By the time July comes around, the heat becomes a touch unbearable and the desire to stay inside rises. But what do you do when you’re in-between the return of your favorite seasonal program? In a continuation of the “On Tap” series, here are a few recommendations of TV shows available on Netflix with a season or more of content available right now.
If these don’t tickle your fancy or you just prefer film over television, then there are four cinematic recommendations at the bottom.
Inspired by, and loosely connected to, the 2011 movie of the same name, this CBS program aired only one season before being cancelled. Though there is little hope it will be saved on another platform, all 22-episodes are available to watch. Using a mixture of drama and comedy, Limitless focuses on Brian Finch, a struggling musician who finds his life upended when he takes NZT, a drug that opens up the brain to enhance recall and information processing, and in the crosshairs of the F.B.I. By the end of the pilot, Brian is working with the F.B.I., but also under the boot heel of Eddie Morra, Bradley Cooper’s character from the film. Limitless is easily a show that can be binged without leaving you feeling bloated.
Another show connected to films, Marvel’s Agents of S.H.I.E.L.D. tangentially interweaves their story around Marvel Studios’ cinematic offerings. This sci-fi/action/drama focuses on Agent Phil Coulson and his team of S.H.I.E.L.D. agents as they seek to stop threats big and small. What begins in Season One as an episodic villain-of-the-week series, quickly turns into a long-form narrative that carries through until the end of Season Three, which just concluded in May. No viewer needs to be familiar with comic book lore or to have watched any of the thirteen films Marvel Studios has released in order to enjoy this series. The moments in which S.H.I.E.L.D. dips into the films is minimal and without much impact on the story. With Season Four slated to return on September 20th, this is a perfect time to jump in and catch up.
If you prefer your television to have more blood and bumps-in-the-night, then you must be terrified that Game of Thrones won’t be returning until late 2017. To help you take comfort, we recommend turning to the recently concluded Showtime series Penny Dreadful. Featuring a cast of literary characters like Dorian Gray, Victor Frankenstein, Mina Harker, and Dr. Jekyll, this gothic series takes the stories we know and alters them to fit into a singular narrative focused on the struggles temptation, both real and supernatural, can create. Though the series did conclude with the third season finale in June, the first two seasons are readily available to dive into now.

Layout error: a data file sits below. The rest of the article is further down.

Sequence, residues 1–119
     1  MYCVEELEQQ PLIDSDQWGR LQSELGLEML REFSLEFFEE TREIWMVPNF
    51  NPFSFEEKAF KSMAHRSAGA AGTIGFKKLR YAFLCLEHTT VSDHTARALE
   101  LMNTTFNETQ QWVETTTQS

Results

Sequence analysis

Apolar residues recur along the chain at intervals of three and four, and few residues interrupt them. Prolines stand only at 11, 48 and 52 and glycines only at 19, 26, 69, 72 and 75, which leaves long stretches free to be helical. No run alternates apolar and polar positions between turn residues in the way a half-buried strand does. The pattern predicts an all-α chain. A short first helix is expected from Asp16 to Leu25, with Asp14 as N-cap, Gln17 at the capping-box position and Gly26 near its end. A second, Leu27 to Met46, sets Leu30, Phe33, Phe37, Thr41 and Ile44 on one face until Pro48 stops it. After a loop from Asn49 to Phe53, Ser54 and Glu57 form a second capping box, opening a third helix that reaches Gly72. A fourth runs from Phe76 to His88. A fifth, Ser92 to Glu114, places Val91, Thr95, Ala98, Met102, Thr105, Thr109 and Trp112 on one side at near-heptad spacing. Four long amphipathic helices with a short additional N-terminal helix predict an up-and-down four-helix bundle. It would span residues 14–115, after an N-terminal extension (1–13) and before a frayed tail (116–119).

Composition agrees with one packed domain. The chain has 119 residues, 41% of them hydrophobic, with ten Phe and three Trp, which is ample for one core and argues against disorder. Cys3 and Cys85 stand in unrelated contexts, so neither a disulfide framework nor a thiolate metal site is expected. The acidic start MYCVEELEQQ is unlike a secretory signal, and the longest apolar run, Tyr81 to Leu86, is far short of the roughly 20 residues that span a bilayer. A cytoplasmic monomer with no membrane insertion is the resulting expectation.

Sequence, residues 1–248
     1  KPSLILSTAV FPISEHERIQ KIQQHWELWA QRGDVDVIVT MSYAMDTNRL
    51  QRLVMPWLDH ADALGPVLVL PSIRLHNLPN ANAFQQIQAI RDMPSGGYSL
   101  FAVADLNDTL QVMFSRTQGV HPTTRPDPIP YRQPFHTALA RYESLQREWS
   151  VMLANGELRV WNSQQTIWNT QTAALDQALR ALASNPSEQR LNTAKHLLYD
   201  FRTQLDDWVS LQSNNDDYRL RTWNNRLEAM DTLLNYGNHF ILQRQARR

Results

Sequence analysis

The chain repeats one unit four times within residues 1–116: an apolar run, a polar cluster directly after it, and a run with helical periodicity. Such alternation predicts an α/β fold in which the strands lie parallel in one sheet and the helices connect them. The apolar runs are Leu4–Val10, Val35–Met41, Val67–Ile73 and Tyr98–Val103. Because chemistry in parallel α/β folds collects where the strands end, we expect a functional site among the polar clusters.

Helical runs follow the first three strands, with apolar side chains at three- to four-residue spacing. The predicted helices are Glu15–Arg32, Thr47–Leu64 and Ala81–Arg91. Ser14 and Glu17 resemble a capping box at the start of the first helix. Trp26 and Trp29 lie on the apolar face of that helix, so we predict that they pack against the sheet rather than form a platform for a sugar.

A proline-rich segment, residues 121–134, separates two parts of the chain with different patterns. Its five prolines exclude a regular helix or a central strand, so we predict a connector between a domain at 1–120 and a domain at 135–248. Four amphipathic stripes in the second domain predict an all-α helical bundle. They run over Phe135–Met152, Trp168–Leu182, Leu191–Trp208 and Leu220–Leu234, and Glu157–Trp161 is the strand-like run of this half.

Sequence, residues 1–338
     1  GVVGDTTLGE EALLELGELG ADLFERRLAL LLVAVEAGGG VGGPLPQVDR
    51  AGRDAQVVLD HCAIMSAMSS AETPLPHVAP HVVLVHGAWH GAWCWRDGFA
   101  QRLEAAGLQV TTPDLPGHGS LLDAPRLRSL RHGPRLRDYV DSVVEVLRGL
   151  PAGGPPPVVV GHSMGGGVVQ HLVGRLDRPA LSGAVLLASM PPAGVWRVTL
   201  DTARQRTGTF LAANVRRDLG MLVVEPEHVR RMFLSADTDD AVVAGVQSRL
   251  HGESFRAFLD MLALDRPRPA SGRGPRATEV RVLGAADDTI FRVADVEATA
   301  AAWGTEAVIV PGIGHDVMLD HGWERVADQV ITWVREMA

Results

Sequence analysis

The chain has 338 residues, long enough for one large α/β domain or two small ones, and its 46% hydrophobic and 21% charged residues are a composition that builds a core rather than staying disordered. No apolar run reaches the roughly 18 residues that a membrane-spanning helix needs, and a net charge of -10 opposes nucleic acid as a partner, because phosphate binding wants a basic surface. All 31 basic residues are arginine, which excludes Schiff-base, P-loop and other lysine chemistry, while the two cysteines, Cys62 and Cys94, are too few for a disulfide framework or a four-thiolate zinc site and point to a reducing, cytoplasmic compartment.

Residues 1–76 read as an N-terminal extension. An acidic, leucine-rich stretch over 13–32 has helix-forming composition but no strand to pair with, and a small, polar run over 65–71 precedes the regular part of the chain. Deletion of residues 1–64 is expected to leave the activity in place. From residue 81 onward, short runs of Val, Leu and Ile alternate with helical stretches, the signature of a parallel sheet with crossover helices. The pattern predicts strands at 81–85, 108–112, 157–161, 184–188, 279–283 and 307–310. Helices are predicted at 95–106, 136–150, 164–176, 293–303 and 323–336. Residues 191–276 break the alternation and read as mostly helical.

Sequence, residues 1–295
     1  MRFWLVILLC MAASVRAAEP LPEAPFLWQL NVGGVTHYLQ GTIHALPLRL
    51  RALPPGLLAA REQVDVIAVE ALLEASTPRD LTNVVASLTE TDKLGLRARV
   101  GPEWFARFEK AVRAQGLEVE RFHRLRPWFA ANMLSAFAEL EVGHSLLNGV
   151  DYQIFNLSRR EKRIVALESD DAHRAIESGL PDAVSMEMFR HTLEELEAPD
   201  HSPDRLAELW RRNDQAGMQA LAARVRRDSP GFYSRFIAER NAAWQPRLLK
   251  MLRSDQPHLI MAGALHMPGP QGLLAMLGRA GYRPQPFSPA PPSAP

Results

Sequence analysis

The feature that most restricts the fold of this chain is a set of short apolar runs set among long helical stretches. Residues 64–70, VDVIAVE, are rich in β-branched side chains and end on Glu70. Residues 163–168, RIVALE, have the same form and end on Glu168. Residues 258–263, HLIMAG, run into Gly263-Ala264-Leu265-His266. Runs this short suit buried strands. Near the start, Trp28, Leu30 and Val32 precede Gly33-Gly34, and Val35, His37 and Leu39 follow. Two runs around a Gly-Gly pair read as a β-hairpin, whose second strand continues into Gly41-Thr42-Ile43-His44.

Another show cut short in its prime, this action-comedy created by Matt Nix (see also: Burn Notice), is the story of straight-and-narrow detective Jack Bailey (Colin Hanks) who is forced to partner with chaos-enthusiast detective Dan Stark (Bradley Whitford). This odd couple comedy didn’t last long, but it made an impression on everyone who watched it. From the outlandish circumstances to the ridiculous ways Bailey and Stark get themselves in, and out, of trouble, each episode is consistently entertaining. Unfortunately, it just didn’t maintain the numbers to stay on Fox.
Adapted from an Israeli program, Traffic Light is a 2011 comedy that focuses on three friends in different stages of their lives: the married couple, the just-moved-in-together couple, and the single friend. Only running for thirteen episodes, Traffic Light is full of heart, and, more importantly, grounded storylines. By harnessing the regular weirdness of interpersonal relationships, the stories often have more heart than would typically be expected.
Inspired by a scientist who can read the human body to separate truth from lies, this crime drama ran for 48-episodes between 2009 and 2011 on Fox. Lead by charismatic Tim Roth (Pulp Fiction, The Hateful Eight) as Dr. Cal Lightman, Kelli Williams (The Practice) as Dr. Gillian Foster, Monica Raymund (Chicago Fire/Chicago P.D.) as newbie Ria Torres, and Mekhi Phifer (8 Mile, E.R., The Divergent Series) as their F.B.I. handler, what could have been a standard procedural crime drama foundation was elevated by its perfectly casted characters. The science of microexpressions doesn’t seem like an intriguing baseline for any show, but its use never ceases to be impressive throughout the increasingly complex series. Though many episodes feature stories beyond the walls of the fictional Lightman Institute, many of the more interesting stories focus on the characters within. For those that have seen, and enjoyed, the Tim Roth classic Four Rooms, skip ahead to Season 2, Episode 13 “The Whole Truth” when Roth is once again pitted against actress Jennifer Beals.